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No Heartbleed here, UI says

BY IAN MURPHY | APRIL 15, 2014 5:00 AM

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One software program could have been bleeding information about users for almost two years before the hole was found last week.

University of Iowa officials said they patched the Heartbleed bug, found in a major software utilized by two-thirds of the Internet that allows web users to establish a “secure” connection with a server.

Jane Drews, the UI chief information security officer, said the OpenSSL software provides secure communication of data on websites, and the bug is an error in the program that would allow an attacker to connect to a system and extract information from a computer.

“That’s not data from storage,” she said. “It’s what’s actively being worked on in the computers.”
Drews said Information and Technology Services began assessing UI computer systems April 7 and fixed the UI public websites by April 9.

She said fixing the bug is relatively simple, and new security certificates are being installed on UI systems in case an attack successfully pulled any data.

Peter Reiher, an adjunct professor of computer science at UCLA, said the software hole could allow data to be accessed by an attacker, but it is hard to know whether data have been accessed.

Although the software is used by many webservers, Reiher said, the bug could have been exploited by more attackers as it became known.

“There wasn’t a lot of evidence that people were using the vulnerability [before the bug was announced],” Reiher said.

Drews said ITS officials added signatures to the UI network that would allow them to identify an attack.  She said the signatures detected some unsuccessful attacks.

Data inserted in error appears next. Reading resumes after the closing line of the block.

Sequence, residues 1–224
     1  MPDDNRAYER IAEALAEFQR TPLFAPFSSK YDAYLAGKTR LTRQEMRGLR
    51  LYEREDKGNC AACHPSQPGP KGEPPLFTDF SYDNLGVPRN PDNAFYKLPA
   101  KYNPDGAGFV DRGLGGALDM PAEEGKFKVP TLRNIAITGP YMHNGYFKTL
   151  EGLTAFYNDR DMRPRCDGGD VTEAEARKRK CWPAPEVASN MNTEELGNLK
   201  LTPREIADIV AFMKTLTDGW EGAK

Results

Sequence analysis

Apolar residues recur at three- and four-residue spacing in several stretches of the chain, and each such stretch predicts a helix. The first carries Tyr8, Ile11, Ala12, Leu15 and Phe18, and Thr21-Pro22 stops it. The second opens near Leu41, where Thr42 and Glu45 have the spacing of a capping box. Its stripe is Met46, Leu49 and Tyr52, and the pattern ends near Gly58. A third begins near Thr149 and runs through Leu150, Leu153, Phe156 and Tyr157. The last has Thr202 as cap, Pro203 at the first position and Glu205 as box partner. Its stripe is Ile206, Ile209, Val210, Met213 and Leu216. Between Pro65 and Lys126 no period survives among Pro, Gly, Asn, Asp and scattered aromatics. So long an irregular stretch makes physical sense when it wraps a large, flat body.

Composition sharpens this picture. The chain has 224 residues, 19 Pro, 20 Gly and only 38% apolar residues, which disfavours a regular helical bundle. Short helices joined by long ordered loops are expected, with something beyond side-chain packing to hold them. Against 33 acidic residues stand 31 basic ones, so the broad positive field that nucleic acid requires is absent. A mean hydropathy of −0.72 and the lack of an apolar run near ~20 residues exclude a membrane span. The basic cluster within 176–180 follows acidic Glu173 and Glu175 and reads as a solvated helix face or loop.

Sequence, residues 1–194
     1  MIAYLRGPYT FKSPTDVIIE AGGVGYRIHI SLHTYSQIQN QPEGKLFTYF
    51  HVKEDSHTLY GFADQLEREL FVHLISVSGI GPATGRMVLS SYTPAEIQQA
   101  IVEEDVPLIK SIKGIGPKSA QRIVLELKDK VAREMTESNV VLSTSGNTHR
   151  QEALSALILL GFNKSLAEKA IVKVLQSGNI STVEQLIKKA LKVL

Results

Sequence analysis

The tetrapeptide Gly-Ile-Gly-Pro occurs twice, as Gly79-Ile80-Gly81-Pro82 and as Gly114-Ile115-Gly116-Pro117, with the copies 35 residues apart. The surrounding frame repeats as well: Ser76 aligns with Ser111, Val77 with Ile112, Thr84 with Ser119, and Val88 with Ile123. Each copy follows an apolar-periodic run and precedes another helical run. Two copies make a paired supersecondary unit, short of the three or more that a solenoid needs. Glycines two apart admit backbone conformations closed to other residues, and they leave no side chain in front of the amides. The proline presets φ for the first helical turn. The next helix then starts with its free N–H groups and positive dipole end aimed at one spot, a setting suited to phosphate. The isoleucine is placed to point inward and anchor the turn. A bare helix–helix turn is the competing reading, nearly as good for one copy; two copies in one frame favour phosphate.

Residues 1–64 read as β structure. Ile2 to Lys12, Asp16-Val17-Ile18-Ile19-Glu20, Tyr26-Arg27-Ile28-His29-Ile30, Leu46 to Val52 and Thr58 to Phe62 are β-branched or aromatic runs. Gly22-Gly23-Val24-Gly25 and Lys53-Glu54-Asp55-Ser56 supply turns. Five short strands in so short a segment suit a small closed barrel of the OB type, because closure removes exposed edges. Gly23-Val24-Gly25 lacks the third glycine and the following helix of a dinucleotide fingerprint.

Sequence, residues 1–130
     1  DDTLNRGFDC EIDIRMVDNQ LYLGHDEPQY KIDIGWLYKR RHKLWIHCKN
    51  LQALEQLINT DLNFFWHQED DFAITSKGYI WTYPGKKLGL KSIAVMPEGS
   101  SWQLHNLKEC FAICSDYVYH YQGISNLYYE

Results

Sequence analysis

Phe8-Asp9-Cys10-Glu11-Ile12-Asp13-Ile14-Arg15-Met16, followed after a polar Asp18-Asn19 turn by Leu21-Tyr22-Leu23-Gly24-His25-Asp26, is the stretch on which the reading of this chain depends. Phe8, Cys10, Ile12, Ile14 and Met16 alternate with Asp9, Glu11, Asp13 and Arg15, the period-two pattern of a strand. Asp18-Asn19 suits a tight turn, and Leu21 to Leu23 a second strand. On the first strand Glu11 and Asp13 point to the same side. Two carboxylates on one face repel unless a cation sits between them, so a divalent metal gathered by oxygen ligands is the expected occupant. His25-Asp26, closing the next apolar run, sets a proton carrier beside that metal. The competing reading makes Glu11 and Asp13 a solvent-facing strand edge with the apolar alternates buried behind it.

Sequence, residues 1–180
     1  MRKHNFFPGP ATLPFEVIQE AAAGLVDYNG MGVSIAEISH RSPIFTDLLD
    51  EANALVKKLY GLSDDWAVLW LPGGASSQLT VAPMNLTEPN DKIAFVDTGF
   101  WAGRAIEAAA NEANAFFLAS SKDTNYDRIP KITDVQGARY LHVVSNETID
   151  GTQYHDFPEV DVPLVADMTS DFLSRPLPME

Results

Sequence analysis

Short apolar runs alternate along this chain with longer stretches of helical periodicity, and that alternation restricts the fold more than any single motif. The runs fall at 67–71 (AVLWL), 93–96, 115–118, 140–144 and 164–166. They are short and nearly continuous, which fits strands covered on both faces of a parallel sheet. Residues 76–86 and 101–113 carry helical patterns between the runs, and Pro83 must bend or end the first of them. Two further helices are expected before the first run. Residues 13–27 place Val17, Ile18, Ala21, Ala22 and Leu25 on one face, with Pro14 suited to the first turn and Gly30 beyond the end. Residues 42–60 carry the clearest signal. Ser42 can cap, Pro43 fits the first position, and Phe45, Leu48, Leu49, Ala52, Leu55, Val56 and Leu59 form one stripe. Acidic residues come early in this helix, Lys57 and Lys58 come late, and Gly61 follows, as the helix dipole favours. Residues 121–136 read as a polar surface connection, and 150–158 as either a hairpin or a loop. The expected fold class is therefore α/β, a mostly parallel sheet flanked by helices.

“We have no evidence that any University of Iowa systems were broken into,” Drews said.

Chris Wilkins, information technology director for UI communication and marketing, declined to comment on the bug.

The vulnerability exists only on more recent versions of the software, Reiher said.

In addition to passwords, emails, and other data, this vulnerability could eventually lead to access to a private security key. Access to this key would allow the attacker to create a dummy website, passing off as a legitimate website, Reiher said.

For example, an attacker who had access to the key could pass a website off as a UI-affiliated website.

Reiher said data could be accessed and held onto for later use by an attacker. He recommended people wait until official word has gone out from websites before changing any passwords because this could compromise new passwords as well.

“I can’t imagine any U.S. university of comparable size that isn’t affected in some way by Heartbleed,” said Paul Rivers, the chief information security officer at the University of California-Berkeley in an email.

The university is taking similar steps to the UI.

“Our security operations team is actively scanning campus for vulnerable systems and monitoring for signs of attempts to exploit Heartbleed,” Rivers said.

Drews said the issues are in the software, not in hardware for computers.

“Our general guidance is that users should change all of their passwords, not just their HawkID passwords, but to wait until this week to do it so that the owners of other systems, non-university systems, can have their patch as well,” Drews said.


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